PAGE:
CXC celebrates International Women’s Day 2019

CXC celebrates International Women’s Day 2019

To mark this year’s International Women’s Day theme of #BalanceforBetter – the Caribbean Examinations Council (CXC) celebrated and honoured the women of the company for their vital role in shaping and strengthening the business.

While there were games and inspirational entertainment, Sharon Armstrong-Mullah, Director of Corporate Services, urge the ladies of CXC that, “This day should be recognised as a significant day by all of us. It should be recognised as a day when we reflect on all that is happening around us and think about how we can help to make a difference. Let us all therefore encourage one another to make a concerted effort to challenge gender bias, thereby forging a more gender-balanced world in which equal rights and opportunities are provided for all. How do you plan to help make a difference? I urge you to embrace “Balance for Better” and make International Women’s Day your day, every day.”

Veteran theatre actress, radio broadcaster for ten years, creative advertising executive and the day’s key note speaker Peta Alleyne reminded the women of CXC about the role of women especially in Barbados who were for equality, were built smart and innovated for change.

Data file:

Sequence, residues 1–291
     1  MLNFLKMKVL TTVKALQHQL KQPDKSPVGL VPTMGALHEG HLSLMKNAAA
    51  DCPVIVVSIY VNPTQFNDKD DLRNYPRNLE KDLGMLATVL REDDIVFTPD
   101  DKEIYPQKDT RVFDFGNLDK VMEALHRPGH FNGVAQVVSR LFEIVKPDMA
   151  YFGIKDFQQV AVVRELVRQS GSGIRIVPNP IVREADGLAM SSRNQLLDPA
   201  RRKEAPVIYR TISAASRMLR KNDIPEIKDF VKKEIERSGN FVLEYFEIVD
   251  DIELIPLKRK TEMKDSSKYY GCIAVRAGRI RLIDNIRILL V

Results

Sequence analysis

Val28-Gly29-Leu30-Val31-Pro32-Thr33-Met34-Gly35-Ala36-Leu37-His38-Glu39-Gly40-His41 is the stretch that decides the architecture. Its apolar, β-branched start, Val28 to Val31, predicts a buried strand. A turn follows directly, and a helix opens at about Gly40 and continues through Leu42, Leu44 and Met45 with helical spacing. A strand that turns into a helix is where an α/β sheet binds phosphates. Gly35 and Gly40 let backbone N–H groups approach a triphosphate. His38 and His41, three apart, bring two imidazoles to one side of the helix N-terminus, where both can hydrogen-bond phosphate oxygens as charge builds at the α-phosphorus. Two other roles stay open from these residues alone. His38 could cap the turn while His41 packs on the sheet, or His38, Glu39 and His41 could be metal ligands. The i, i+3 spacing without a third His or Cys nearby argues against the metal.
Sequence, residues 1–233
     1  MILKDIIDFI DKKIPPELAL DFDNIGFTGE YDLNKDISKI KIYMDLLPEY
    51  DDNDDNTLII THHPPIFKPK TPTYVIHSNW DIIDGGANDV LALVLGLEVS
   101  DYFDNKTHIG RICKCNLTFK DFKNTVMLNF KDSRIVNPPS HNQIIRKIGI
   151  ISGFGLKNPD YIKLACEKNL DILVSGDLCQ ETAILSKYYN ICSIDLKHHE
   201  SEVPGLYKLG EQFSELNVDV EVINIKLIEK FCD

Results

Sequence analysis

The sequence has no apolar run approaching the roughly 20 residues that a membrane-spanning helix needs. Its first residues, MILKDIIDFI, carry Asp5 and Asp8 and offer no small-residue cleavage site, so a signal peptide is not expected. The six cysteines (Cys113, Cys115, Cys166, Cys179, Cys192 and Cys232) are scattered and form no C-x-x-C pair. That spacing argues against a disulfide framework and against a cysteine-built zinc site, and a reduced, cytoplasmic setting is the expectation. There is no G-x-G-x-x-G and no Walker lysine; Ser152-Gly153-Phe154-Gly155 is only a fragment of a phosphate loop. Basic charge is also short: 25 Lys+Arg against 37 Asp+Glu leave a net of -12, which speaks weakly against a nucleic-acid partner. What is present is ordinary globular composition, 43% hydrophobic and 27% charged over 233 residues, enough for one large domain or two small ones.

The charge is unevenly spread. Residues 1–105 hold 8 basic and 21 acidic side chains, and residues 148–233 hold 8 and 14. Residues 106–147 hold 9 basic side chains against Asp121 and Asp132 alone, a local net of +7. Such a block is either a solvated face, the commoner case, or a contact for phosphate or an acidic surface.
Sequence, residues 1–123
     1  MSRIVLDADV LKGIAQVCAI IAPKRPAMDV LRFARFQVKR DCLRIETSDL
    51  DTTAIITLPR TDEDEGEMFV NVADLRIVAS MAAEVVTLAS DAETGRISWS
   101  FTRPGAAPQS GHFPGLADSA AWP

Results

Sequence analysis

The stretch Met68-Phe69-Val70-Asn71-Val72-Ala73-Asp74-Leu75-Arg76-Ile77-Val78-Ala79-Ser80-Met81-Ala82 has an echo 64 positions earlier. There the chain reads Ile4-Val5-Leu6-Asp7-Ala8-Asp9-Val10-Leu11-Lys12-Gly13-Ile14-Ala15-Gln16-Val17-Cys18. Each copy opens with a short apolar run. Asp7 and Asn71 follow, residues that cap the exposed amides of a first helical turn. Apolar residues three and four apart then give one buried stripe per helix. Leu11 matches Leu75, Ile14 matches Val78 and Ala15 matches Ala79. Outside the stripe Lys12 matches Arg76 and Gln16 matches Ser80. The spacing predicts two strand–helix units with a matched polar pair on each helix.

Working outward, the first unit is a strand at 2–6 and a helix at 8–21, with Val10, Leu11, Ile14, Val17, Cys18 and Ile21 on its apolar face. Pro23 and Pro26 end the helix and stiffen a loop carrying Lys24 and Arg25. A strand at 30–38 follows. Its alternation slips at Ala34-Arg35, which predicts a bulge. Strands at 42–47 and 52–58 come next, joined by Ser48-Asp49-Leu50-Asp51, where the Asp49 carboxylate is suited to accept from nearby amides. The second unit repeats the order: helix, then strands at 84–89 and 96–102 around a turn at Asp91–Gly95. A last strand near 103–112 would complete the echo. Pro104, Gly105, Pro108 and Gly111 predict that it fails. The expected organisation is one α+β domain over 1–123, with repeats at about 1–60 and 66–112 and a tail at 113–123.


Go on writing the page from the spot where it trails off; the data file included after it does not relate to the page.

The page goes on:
She pointed out strong women of leadership like Shirley Chisholm, a Barbadian who became an American politician, educator, and author and the first black woman elected to the United States Congress, representing New York’s 12th congressional district for seven terms from 1969 to 1983 and who formally announced her presidential bid on January 25, 1972. She also highlighted [Dame] Billie Miller who was the island’s first woman barrister and appointed Deputy Prime Minister and Minister of Foreign Affairs in 1994, was also charged with the responsibility of Leader of the House of Assembly and MP for the constituency of the City of Bridgetown, headed the Ministry of Foreign Trade and was very active in the civic and non-governmental arena.

“These are people I started to idolise from a young age,” she said. “We had local leaders like [Dame] Olga Lope Seale who was an active leader in community work. We have [Dame] Maizie Barker-Welch – a tiny woman who was a teacher, an activist, a former Member of Parliament, looking after St Joseph and an avid promoter of women’s causes while raising four children.”

“We have so many women in politics, we are represented. We now have a female Prime Minister, Mia Amor Mottley. It’s an amazing world we live in but what can we do to make it better? First we have to acknowledge we belong here, we have to acknowledge we have a voice and we have to know how to use it correctly. But we also have to take some of the blame especially for the next generation and how we raise our children. Gender balance and gender equality means we have to raise our children right. Teach them the ways of these ladies of leadership, of strength, of class, of culture and of humility,” Alleyne urged.

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